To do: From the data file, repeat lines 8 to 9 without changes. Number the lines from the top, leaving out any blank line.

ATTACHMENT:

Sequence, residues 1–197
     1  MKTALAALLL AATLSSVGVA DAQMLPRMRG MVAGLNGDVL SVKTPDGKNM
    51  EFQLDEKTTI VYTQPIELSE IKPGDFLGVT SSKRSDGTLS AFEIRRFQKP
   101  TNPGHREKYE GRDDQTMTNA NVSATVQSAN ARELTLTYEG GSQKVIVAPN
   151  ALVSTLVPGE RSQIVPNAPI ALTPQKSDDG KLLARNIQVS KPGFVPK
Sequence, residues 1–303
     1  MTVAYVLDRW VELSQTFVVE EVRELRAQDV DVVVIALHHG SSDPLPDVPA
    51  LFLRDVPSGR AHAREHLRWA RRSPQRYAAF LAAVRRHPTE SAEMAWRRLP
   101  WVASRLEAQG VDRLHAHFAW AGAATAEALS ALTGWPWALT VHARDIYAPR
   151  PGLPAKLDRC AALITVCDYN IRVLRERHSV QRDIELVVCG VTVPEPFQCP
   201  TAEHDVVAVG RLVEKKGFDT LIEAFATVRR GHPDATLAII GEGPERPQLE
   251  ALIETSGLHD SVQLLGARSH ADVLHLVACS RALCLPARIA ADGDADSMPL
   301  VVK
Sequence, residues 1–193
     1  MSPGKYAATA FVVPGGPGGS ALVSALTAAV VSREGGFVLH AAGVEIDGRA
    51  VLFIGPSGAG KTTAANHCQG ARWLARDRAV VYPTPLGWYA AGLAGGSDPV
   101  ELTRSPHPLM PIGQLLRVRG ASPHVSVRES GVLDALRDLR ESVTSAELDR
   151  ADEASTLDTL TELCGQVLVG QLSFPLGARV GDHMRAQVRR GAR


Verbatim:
    51  LFLRDVPSGR AHAREHLRWA RRSPQRYAAF LAAVRRHPTE SAEMAWRRLP
   101  WVASRLEAQG VDRLHAHFAW AGAATAEALS ALTGWPWALT VHARDIYAPR